Formally inventive and erotically charged, compassion and intelligence shine through every sentence Chakrabarty writes.

Preti Taneja, author of We That Are Young

ELIZABETH CHAKRABARTY is an interdisciplinary writer who uses creative and critical writing, besides performance, to explore themes of race, gender and sexuality. Her debut novel Lessons in Love and Other Crimes, inspired by experience of race hate crime, was published in 2021 by The Indigo Press, along with her essay 'On Closure and Crime'. In USA Lessons in Love and Other Crimes was selected as a Top-Shelf title for promotion in the Trafalgar Square/ IPG Fall 2021 campaign to retailers and libraries. Translation rights are with The Marsh Agency.

In 2022 Elizabeth Chakrabarty was shortlisted for the Polari First Book Prize, the UK's only awards for LGBTQ+ books, and longlisted for the Desmond Elliott Prize, for the most outstanding debut novel of the past 12 months. She also was shortlisted for the Dinesh Allirajah Prize for Short Fiction, for which her story will be published in an e-anthology by Comma Press. Her story 'Eurovision' was shortlisted for the Asian Writer Short Story Prize in 2016 and published in Dividing Lines (Dahlia Publishing, 2017). Her poetry has been published by Visual Verse, and her short creative-critical work includes writing published in Glänta, Gal-Dem and New Writing Dundee, and more recently in Wasafiri, and the anthology Imagined Spaces (Saraband, 2020). She received an Authors' Foundation Grant from The Society of Authors (UK) in December 2018, to support the writing of Lessons in Love and Other Crimes, and she was chosen as one of the runners up for the inaugural CrimeFest bursary for crime fiction authors of colour in 2022. She lives in London.

Tesya has reasons to feel hopeful after leaving her last job, where she was subjected to a series of anonymous hate crimes. Now she is back home in London to start a new lecturing position, and has begun an exciting, if tumultuous, love affair with the enigmatic Holly. But this idyllic new start quickly sours. Tesya finds herself victimized again at work by an unknown assailant, who subjects her to an insidious, sustained race hate crime. As her paranoia mounts, Tesya finds herself yearning for the most elemental of desires: love, acceptance, and sanctuary. Her assailant, meanwhile, is recording his manifesto, and plotting his next steps.  Inspired by the author’s personal experiences of hate crime and bookended with essays which contextualise the story within a lifetime of microaggressions, Lessons in Love and Other Crimes is a heart-breaking, hopeful, and compulsively readable novel about the most quotidian of crimes.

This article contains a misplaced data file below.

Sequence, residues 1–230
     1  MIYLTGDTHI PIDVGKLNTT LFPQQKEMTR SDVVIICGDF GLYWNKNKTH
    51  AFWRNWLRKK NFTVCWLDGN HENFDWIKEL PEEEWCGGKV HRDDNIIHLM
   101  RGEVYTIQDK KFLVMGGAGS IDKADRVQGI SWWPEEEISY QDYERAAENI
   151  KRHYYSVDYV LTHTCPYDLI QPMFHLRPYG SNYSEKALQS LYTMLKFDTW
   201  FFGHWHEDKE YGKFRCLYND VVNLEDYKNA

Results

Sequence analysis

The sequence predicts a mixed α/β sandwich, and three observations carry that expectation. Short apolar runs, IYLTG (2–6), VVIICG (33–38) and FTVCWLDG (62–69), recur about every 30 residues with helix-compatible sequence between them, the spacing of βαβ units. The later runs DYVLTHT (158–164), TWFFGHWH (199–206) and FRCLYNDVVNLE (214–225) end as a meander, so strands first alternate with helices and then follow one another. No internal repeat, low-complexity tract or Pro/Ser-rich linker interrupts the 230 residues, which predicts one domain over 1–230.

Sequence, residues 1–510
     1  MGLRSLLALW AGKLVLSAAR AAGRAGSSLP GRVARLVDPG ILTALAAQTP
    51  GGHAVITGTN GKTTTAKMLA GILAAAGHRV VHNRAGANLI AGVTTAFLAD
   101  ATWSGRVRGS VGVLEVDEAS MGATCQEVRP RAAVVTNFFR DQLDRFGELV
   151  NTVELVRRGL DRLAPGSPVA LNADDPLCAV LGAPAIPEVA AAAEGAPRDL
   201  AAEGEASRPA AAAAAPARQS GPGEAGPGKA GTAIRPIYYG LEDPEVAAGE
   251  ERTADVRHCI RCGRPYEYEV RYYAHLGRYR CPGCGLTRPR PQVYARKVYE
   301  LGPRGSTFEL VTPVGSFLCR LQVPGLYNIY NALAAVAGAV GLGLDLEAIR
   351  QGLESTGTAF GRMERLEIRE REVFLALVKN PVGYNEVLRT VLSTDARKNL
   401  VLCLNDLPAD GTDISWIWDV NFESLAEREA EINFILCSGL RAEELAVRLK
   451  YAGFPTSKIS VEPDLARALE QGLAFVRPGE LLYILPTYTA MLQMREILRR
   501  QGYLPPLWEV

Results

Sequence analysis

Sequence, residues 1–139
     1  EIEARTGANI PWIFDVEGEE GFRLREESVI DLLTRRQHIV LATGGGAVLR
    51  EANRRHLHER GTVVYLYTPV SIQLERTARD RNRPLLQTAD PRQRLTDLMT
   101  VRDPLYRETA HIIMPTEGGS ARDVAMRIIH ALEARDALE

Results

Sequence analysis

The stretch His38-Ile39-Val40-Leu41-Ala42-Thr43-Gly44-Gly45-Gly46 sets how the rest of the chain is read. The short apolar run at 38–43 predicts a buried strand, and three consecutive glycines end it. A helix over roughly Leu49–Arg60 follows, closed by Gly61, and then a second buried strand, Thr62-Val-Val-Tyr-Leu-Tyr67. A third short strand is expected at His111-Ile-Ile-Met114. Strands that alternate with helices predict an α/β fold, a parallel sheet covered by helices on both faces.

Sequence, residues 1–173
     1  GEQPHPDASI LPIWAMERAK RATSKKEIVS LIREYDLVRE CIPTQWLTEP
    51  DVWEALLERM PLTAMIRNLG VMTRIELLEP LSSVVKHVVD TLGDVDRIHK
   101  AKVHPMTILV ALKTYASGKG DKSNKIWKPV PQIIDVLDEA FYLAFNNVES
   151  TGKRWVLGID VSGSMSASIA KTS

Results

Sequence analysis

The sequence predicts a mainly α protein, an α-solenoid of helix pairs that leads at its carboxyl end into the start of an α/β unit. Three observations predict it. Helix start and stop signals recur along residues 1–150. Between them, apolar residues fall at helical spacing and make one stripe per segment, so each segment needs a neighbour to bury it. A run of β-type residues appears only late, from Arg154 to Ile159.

Download her exclusive essay On Closure and Crime, written to support the publication of her novel, a free e-book on The Indigo Press website


Nikita Gill, author of Wild Embers: "One of the most gripping and powerful books I´ve ever read; I feel so represented as a queer, brown woman."

Cosmopolitan: "A story you won't be able to get out of your head"

Preti Taneja, author of We That Are Young: "Fierce, contemporary and completely absorbing…a fresh and forensic novel asking ages-old questions – what makes a writer? What makes a lover? And pressing for our moment now – what makes a racist? Part thriller, part elegy to modern British live…Formally inventive and erotically charged, compassion and intelligence shine through every sentence Chakrabarty writes."

Catherine Mayer: "Gripping and unnerving, a story about the relentlessness of racism."

Tessa McWatt: "An important new voice for our troubled times. Vibrant and passionate storytelling."

Winnie M Li: "A thoughtful exploration of everyday racist aggressions (both micro and more significant) — and the impact they can have on an individual's personal and professional life."

the i paper "An innovative hybrid novel…a multi-layered and thought-provoking work... At the end, Chakrabarty takes a sharp turn into thriller territory, with a dramatic resolution worthy of The Girl on the Train."

Zahra Iqbal, Bad Form Review "Elizabeth Chakrabarty's heartfelt and addictive story is paramount considering the current climate. Her honest approach encourages audiences to discuss the topics unearthed in the book and despite, the awful crimes detailed in the novel, gives a sense of community."


Wasafiri, On Evil (Crime in the Academy)

Gal-dem, Travelling to Catalonia and coping with racism in a foreign language

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